The best nonfiction books of all time: the full list | Books | The GuardianNarrative nonfiction—also known as creative nonfiction or literary nonfiction—is usually defined as nonfiction that uses the techniques and style of fiction characters, plot, conflict, scene-setting to tell a true story. This list a collection of 50 great narrative nonfiction books, although it easily could have been much longer. I also included just one book from any given author. Being Mortal by Atul Gawande—Medicine, life, and choices about how we die. Packing for Mars by Mary Roach—The strange science used to get astronauts ready for space. Newjack by Ted Conover—A journalist goes undercover as a prison officer in Sing Sing to better understand the penal system. Does Jesus Really Love Me?
The 100 best nonfiction books of all time: the full list
by Truman Capote
Buy now from your favorite retailer:. Pulitzer Prize winner Sheri Fink spent six years investigating precisely what went on in a New Orleans hospital ravaged by Hurricane Katrina and the desperate bid for survival amid the chaos within.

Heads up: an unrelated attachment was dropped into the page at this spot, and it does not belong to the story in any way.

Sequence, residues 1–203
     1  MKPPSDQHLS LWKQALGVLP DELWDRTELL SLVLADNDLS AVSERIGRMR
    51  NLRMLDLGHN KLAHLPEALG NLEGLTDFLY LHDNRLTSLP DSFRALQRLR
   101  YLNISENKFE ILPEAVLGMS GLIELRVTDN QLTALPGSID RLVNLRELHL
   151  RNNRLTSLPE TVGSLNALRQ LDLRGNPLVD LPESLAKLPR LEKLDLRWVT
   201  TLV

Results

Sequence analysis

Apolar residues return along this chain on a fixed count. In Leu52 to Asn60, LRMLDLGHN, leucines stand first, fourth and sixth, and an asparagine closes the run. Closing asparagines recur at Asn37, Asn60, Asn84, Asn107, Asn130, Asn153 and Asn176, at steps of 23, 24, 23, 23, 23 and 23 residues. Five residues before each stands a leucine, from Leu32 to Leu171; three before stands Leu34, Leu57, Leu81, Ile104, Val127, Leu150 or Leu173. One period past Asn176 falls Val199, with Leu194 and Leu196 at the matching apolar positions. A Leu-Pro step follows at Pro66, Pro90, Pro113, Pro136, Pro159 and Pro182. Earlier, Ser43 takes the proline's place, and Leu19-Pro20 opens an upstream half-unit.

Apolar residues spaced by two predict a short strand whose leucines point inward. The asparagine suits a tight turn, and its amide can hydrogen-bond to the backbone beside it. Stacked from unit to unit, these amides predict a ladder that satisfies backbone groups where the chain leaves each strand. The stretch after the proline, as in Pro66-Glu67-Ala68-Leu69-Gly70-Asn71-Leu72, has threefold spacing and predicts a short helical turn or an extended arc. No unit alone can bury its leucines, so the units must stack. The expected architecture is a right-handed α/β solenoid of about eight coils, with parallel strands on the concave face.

Dreams from My Father by Barack Obama This remarkably candid memoir revealed not only a literary talent, but a force that would change the face of US politics for ever. The Right Stuff by Tom Wolfe Tom Wolfe raised reportage to dazzling new levels in his quest to discover what makes a man fly to the moon. Orientalism by Edward Said This polemical masterpiece challenging western attitudes to the east is as topical today as it was on publication. The Making of the English Working Class by EP Thompson This influential, painstakingly compiled masterpiece reads as an anatomy of pre-industrial Britain — and a description of the lost experience of the common man. Silent Spring by Rachel Carson This classic of American advocacy sparked a nationwide outcry against the use of pesticides, inspired legislation that would endeavour to control pollution, and launched the modern environmental movement in the US. The Uses of Literacy: Aspects of Working-Class Life by Richard Hoggart This influential cultural study of postwar Britain offers pertinent truths on mass communication and the interaction between ordinary people and the elites.